Rijeka

Rijeka (literally "River") is a city in Kvarner Bay, a northern inlet of the Adriatic Sea in Croatia. It is the principal seaport of the country. It has 128,735 inhabitants (2011) with the greater city area reaching up to 200,000, and is Croatia's third largest city.

Understand

Panorama of Rijeka with river Rječina

The city of Rijeka is a unique cosmopolitan city with a very turbulent history, especially during the 20th century. For instance, Rijeka was ruled by eight different countries between 1918 and 1991, so theoretically, a citizen of Rijeka born in 1917 could have had eight different passports without ever leaving the city limits. Such rapid changes of events led to a strong local identity for the city.

Rijeka is a major Croatian port, in the very heart of Kvarner Gulf. Because of its location, Rijeka is a crossroads of land and sea routes, connected with the rest of the world by air, bus, train and ship lines. Despite often being described as a predominantly industrial and port city, Rijeka is an interesting city with beautiful architecture of mostly secession style, a good choice of museums and quality night-life.

In the beginning of the 20th century, Rijeka was one of the main European ports and had weekly passenger service to and from New York. The famous ship Carpathia, which saved most of the survivors from the Titanic, was heading from New York to Rijeka, and most of the crew on the ship was Croatian. Thanks to that, one of life-belts from the Titanic is preserved in the Rijeka Naval Museum.

Unfortunately, Rijeka was also the first fascist state in the world, before Mussolini's Italy or Hitler's Reich. A mixture of fascism, anarchism and elements or dadaism was the basis for the constitution of Reggenza Italiana del Carnaro (Italian Regency of Kvarner), short lived state created in 1919, after a coup d'etat of Italian war veterans led by Gabriele D'Annunzio, often called the pioneer of fascism. To make it more awkward, this unusual state was the first international state that recognized Lenin's USSR.

On the bright side, from 1920 to 1924, Rijeka was an independent neutral state. A status very similar to the later status of Gdansk provided Rijeka with independence and neutrality. The official language in the Free State of Rijeka were Croatian, Italian and Hungarian, in order to provide maximum care for all minorities in the city.

Square on the bridge over the river Rječina

Woodrow Wilson, President of United States, recommended Rijeka in 1919 as a head of the League of Nations. After Second World War, Rijeka was one of candidates for hosting the headquarters of the United Nations. The idea was to reintroduce Independent State of Rijeka as a special United Nations neutral state.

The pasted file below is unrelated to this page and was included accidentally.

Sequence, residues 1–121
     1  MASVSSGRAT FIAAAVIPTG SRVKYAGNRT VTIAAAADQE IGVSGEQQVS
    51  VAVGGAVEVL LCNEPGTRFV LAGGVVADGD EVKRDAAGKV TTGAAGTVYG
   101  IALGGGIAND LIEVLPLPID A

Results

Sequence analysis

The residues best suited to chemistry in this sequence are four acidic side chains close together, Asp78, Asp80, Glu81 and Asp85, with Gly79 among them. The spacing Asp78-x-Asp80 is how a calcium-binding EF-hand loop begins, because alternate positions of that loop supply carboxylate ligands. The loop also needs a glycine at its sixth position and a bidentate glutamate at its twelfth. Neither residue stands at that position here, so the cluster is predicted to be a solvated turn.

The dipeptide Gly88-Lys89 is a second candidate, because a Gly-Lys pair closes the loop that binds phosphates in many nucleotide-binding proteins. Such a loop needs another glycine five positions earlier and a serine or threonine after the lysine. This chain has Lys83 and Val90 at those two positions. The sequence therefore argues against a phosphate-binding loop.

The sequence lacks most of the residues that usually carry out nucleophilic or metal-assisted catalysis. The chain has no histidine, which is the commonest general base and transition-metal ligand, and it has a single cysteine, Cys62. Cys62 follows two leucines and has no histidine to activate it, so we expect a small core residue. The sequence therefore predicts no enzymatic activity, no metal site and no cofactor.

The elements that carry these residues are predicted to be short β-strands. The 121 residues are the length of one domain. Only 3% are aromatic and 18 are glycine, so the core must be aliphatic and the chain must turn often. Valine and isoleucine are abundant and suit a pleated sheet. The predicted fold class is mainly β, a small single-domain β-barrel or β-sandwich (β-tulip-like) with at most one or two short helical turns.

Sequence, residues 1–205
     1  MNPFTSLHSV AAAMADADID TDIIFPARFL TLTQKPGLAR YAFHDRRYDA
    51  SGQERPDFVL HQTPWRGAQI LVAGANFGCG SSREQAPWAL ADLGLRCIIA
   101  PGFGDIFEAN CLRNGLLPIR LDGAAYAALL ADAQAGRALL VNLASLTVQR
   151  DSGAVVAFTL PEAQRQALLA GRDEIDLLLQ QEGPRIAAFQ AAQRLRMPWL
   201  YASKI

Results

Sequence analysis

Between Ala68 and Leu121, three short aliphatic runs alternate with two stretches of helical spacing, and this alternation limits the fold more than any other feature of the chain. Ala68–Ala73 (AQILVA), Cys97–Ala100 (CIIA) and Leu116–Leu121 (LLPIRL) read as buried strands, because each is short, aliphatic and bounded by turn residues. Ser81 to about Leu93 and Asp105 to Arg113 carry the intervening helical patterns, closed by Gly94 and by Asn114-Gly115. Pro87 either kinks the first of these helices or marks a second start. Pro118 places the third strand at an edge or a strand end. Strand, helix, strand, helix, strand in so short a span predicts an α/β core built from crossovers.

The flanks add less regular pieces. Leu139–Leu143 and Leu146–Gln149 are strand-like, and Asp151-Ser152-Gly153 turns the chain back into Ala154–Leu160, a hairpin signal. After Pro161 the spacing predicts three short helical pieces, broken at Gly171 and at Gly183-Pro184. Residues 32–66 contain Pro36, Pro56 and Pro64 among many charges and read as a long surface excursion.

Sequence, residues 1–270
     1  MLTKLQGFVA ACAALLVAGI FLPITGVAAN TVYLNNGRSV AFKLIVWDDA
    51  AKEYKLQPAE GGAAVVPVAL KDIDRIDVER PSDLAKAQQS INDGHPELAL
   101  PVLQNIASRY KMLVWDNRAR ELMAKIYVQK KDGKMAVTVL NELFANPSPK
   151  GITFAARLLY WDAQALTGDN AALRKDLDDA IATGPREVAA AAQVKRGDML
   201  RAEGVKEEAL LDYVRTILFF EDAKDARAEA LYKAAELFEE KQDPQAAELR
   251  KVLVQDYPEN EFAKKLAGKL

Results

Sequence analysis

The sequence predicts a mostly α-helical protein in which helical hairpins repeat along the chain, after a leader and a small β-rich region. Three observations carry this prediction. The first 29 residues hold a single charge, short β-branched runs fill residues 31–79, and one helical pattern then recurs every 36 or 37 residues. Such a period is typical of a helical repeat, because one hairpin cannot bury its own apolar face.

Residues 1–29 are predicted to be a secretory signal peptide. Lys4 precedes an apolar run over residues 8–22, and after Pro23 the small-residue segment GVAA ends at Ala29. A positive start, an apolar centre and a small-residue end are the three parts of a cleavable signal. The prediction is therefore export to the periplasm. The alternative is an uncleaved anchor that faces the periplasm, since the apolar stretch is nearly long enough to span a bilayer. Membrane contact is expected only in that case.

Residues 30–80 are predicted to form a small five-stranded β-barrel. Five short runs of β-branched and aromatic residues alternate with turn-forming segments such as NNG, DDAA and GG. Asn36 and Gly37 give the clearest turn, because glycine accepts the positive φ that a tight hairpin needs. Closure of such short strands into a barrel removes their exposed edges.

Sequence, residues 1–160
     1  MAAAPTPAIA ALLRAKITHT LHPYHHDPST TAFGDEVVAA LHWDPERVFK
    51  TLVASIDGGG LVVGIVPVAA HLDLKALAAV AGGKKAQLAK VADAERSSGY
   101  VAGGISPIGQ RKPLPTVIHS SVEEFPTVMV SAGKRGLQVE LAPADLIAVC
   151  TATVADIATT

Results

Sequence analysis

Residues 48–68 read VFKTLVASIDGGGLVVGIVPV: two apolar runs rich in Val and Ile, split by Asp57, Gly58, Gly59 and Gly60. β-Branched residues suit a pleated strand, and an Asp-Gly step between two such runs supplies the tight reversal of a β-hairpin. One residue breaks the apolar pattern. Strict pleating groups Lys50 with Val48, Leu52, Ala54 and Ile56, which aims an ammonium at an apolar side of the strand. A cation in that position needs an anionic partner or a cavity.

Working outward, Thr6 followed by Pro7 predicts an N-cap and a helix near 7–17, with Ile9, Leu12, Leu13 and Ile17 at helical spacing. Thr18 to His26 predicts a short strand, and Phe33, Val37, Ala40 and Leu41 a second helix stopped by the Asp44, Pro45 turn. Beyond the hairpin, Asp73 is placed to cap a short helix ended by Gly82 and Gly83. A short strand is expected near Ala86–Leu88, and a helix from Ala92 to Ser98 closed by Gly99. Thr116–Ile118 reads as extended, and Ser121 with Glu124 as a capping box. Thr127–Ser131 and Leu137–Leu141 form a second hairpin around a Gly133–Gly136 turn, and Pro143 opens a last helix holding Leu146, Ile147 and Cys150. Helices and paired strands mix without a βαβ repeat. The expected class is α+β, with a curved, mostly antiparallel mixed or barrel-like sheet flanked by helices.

Modern Rijeka is actually made from two original cities that were separated by river Rječina. On the west was Fiume or Rijeka and on the east Sušak, the rival counterpart of Rijeka mostly inhabited by Croatians and most of the 19th and early 20th century under Yugoslavian or Croatian administrative rule. Those two cities were merged in 1945. To symbolically connect the city, a wide pedestrian bridge was built in front of Hotel Kontinental which was turned into a square. Most of the people are not aware that there is actually a river under this wide square. It is popular place for meeting and socializing, especially for the younger generations.

With coming to Rijeka, you are joining to the list of people together with Che Guevara, James Joyce, Franz Liszt, Dora Maar, Enrico Caruso, Benito Mussolini, Gabriele D'Annunzio, Josip Jelačić, Bobby Fischer, Saddam Husein, Gamal Abdel Nasser, Johnny Weissmueller, Pope John Paul II and many others that have been in Rijeka before.

Rijeka airport terminal

Get in

By car

Travellers heading from Zagreb (185 km) should take the A1 to Bosiljevo and then take the A6 to Rijeka. The A6 is a 4-6 lane motorway over hilly terrain with many tunnels, bridges and viaducts.

Travellers from Trieste (76 km) should take A7 upon entering Croatia at Pasjak or Rupa border crossing.

Travellers from Split (380 km) can take A1 to Žuta Lokva and then proceed via Senj and Crikvenica to Rijeka, or A1 north to Bosiljevo and then A6 to Rijeka.

By plane

Rijeka airport is situated on the nearby island of Krk, around 35 km from the Rijeka city center.


Bus shuttle from Rijeka Airport to city is operated by Autotrans. Price for a ride from Rijeka to Airport is 50 kn. See schedule here.

There are regular bus services from Rijeka into Zagreb Airport for connections there. The Croatia Airlines website has more information.

From Airport Rijeka to city it is possible to come with official Rijeka Airport Taxi Transfer Service. All information you can take on the official website.

By train

Rijeka has been an important railhead since its early days as one of the major ports of the Austro-Hungarian empire, and is connected with direct services to other major cities in Croatia (Zagreb, Osijek) as well as twice daily services to Ljubljana in Slovenia, and one train via Zagreb each day to Budapest (changing of the train in Zagreb). Services to Pula by train are possible, though as the two cities are not connected in Croatia by rail (the connection is now in Slovenia), a designated bus is timed to take you that part of the journey. It is possible to travel to Pula by train, with a bus connection from train station to Lupoglav, from where you take a train to Pula. Bus is provided by Croatian Railways and you need to buy just one ticket.